Amy became the link connecting the two nonprofit organizations. For her, it was a no-brainer to match them. “It is such a powerful illustration of why our vision, and the concepts of mutual benefit and fulfillment, are spot on,” she said.
It took just eight days for Junnae and her BGC team to progress from touring the proposed space to welcoming students at its newly-christened Teen Learning Academy (TLA). The vision was for students to spend the day attending remote classes, then transition directly to their BGC after-school activities. Of course, it wasn’t quite as simple as throwing open the doors to the newly refurbished classrooms. There were a host of tasks to be completed, including arranging for snacks and dinners, ensuring the classrooms had sufficient supplies – including personal protective equipment for students and staff – and arranging the rooms and desks to meet CDC guidelines.
“I thought, oh my goodness, how can this happen?” Bishop Moore said. “How can I get my facility together this weekend? But we managed it. I wanted to see students in the facility, and know they are learning in that space.”
TLA currently has 56 students enrolled and plans to grow to roughly 115 as soon as BGC can hire enough staff. There’s already a waiting list of students wanting to join.
Response from students and parents has been universally positive. One high school student had been responsible for herself and her younger sister from March through May. Both of them had trouble with their schoolwork all spring. But at TLA this fall, things have been completely different.
“TLA provides more structure for a student's day,” Bishop Moore said. “Boys & Girls Clubs staff are there to help. It may be technology challenges, it may be helping with a math problem. Having that staff person, plus limited distractions, has given these students a much better environment for learning.”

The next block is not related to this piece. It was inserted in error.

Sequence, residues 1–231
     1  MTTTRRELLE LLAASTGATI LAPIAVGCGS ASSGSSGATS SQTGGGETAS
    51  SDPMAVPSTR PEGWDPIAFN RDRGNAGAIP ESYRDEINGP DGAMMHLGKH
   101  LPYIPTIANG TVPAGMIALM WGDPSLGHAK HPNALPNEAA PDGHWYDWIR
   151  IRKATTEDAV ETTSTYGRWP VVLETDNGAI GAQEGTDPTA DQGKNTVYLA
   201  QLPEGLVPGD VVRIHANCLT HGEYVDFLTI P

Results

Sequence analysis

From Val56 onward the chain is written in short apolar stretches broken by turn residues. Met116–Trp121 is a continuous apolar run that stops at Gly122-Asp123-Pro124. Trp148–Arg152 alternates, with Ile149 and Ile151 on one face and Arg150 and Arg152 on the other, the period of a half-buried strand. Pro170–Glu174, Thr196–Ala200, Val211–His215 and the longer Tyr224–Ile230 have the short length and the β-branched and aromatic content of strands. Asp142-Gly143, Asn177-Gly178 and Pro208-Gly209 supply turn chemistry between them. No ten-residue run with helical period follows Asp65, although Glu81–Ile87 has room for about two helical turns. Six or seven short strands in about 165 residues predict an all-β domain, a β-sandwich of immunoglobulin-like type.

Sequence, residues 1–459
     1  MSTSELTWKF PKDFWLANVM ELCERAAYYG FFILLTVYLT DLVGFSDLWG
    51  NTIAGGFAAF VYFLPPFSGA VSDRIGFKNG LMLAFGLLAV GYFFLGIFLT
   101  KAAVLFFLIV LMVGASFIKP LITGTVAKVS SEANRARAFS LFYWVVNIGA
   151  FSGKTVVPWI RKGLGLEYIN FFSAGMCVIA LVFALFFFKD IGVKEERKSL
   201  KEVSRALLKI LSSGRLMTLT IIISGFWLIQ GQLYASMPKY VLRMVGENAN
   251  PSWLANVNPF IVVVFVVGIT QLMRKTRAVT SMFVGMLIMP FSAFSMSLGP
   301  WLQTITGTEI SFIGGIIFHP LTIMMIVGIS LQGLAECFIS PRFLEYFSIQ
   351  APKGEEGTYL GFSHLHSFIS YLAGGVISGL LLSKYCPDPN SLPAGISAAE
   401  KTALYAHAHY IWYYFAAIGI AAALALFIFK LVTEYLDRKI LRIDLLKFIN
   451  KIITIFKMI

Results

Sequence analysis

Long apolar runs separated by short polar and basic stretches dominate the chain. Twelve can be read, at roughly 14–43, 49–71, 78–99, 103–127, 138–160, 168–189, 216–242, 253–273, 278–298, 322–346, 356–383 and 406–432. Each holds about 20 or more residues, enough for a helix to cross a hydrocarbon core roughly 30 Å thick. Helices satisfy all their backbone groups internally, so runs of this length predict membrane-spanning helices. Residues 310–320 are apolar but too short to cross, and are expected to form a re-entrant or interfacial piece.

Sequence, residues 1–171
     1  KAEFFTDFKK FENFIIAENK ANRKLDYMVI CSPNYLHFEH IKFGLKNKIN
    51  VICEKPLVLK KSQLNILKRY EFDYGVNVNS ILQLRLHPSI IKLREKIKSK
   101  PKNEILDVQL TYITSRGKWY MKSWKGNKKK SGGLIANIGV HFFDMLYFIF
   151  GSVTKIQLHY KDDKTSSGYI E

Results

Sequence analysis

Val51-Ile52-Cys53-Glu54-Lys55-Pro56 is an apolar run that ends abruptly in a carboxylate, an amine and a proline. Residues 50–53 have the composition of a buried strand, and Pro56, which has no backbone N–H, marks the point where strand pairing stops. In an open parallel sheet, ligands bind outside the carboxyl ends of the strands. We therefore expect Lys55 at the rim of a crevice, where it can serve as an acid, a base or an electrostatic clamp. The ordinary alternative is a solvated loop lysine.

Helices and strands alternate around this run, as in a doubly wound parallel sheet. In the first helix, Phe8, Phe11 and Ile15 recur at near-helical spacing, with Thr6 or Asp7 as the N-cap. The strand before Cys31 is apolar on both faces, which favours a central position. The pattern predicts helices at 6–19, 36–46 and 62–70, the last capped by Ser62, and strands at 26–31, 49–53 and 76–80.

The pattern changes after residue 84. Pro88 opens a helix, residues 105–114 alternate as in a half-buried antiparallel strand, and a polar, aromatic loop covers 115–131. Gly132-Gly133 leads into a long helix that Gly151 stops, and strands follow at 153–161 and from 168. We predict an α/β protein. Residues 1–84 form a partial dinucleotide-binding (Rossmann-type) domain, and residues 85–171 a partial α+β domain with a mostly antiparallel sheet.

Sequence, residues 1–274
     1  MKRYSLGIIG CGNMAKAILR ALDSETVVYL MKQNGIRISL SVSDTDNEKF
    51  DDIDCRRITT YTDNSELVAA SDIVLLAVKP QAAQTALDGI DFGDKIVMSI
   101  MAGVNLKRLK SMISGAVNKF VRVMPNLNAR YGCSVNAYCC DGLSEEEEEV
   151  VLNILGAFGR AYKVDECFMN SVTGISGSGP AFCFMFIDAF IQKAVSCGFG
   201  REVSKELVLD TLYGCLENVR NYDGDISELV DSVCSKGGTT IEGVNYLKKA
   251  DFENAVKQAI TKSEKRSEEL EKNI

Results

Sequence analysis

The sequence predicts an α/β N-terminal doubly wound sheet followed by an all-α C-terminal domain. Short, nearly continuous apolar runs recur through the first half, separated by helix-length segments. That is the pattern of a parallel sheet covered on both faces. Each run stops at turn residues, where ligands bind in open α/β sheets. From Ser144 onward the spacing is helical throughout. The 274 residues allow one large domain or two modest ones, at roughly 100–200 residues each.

That environment depends heavily on Koch’s partnership. As a founding funder of TLA, Koch’s $50,000 grant covers general operating expenses, including rent, staff and meals, but even more important, it’s kept the cost for TLA at just $30 per student. That includes classroom time from 7:30 a.m. to 3 p.m. and BGC after-school activities until 6 p.m., as well as snacks and dinners. TLA’s success is in part the result of Koch giving employees the encouragement and support necessary to look for ways to transform lives — theirs and those around them, Amy said. “When you have the opportunity to do something you’re passionate about and the privilege to connect others and resources, it gives you a new lens for identifying partnerships and opportunities,” she said. “That makes Koch so unique.”
“We’ve created a learning partnership, with the Boys & Girls Clubs, Urban Prep and Koch,” Junnae said. “This shows that communities can come together, especially during this time, and help each other. Together, we’re making sure that even in these unsettled times, kids have a safe space for their educational journey.”
Bishop Moore agrees. “This is our first opportunity to work with another group that Koch is funding,” he said. “By working together and remembering that the kids are the main thing, together we’ve all created a true virtuous cycle.”